Then sprinkle more grated parmesan cheese on top.

Bake at 350 degrees for 25 minutes, then broil for a couple of minutes.  So delicious!


10 ounce package of frozen chopped broccoli
Shredded chicken breasts from above recipe
1 can cream of chicken soup
½ cup real mayonnaise
½ teaspoon lemon juice
¼ teaspoon curry powder
½ cup grated parmesan cheese plus more for the top

Preheat oven to 350 degrees.

Cook frozen broccoli in microwave according to package directions.  Drain broccoli and place in a greased 2 quart casserole dish.  Place shredded chicken on top of broccoli.  In a separate bowl, mix soup, mayonnaise, lemon juice, curry powder, and ½ cup parmesan cheese together.  Stir well.  Spread this mixture over the top of the shredded chicken.  Sprinkle additional grated parmesan cheese on top.

Bake at 350 degrees for 25 minutes, then broil for a couple of minutes until top is browned and bubbly.

Serve over rice.  Makes 4 – 6 servings.

Tuesday, May 27, 2014


The author, Amy Clipston, is sending me five bookmarks and five luggage tags which I will send one set each to five people, based on a random drawing, who comment on this review of her new book, A Mother's Secret.  Please include your email address so I can privately contact you for your mailing address.  Thank you Amy for your generous gifts!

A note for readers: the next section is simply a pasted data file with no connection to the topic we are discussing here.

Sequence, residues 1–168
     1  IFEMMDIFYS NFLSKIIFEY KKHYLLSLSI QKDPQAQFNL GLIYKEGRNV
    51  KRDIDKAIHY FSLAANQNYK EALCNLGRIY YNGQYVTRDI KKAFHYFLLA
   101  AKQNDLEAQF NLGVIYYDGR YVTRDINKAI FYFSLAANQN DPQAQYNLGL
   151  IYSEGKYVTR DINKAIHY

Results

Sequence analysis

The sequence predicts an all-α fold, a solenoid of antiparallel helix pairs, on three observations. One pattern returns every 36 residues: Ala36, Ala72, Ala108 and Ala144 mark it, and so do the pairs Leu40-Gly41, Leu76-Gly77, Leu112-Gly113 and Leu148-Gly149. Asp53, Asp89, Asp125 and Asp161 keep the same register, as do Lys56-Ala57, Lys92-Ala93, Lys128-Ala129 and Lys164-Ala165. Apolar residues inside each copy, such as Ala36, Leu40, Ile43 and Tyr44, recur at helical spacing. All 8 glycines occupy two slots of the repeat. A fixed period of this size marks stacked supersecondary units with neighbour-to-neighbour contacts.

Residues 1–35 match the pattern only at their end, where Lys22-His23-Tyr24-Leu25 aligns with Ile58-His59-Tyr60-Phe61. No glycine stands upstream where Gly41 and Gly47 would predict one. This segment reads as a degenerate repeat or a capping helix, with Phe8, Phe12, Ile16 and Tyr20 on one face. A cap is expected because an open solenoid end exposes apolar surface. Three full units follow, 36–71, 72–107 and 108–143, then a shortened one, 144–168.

The second novel in The Hearts of the Lancaster Grand Hotel series, A Mother’s Secret, by Amy Clipston (Zondervan) is an engaging, page turning, and stunning success.  A Mother’s Secret stands alone perfectly without reading the first book in the series, A Hopeful Heart.  The third novel in the series, A Dream of Home, will be available in the fall of 2014.  Fair warning however, A Mother’s Secret is so enjoyable that readers will want to purchase the entire series.

The protagonist, Carolyn, has been judged harshly by some of the people in her Amish community for a mistake she made when she was 16 years old.  She became an unwed mother and now at age 31, she still feels the sting of the mistake that she made.  She and her son, Benjamin, age 15, live with her parents in the daadi haus on land owned by her brother Amos.  Amos is constantly belittling Carolyn for her past, and in addition, his sons bully Benjamin.